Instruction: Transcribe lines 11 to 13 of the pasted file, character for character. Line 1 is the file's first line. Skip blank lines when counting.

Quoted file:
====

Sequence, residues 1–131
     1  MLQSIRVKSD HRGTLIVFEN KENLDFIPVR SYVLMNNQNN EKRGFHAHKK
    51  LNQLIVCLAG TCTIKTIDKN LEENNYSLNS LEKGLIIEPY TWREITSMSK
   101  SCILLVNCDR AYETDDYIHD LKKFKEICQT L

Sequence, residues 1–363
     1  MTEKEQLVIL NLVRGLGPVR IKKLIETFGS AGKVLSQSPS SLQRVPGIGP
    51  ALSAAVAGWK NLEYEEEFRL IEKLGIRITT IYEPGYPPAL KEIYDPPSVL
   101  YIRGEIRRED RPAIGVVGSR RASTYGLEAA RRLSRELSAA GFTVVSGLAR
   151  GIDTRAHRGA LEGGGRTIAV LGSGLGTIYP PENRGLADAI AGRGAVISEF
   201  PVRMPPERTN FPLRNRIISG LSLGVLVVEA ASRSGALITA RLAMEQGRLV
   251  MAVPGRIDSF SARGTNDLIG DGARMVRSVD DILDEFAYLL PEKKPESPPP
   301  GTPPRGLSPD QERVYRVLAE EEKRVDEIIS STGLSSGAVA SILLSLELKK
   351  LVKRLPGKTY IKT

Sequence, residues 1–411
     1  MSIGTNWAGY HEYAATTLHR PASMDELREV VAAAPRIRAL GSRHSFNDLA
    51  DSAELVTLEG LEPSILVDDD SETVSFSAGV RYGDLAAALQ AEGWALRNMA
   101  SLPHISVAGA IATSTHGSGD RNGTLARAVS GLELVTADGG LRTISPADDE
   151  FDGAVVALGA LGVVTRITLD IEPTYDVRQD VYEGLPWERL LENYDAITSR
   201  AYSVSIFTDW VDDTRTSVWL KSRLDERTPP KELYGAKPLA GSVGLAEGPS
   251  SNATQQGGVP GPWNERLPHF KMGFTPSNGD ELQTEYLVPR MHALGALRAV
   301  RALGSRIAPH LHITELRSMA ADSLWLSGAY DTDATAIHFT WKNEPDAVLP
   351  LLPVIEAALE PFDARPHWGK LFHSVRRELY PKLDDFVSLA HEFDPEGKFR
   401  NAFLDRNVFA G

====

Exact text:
   251  MAVPGRIDSF SARGTNDLIG DGARMVRSVD DILDEFAYLL PEKKPESPPP
   301  GTPPRGLSPD QERVYRVLAE EEKRVDEIIS STGLSSGAVA SILLSLELKK
   351  LVKRLPGKTY IKT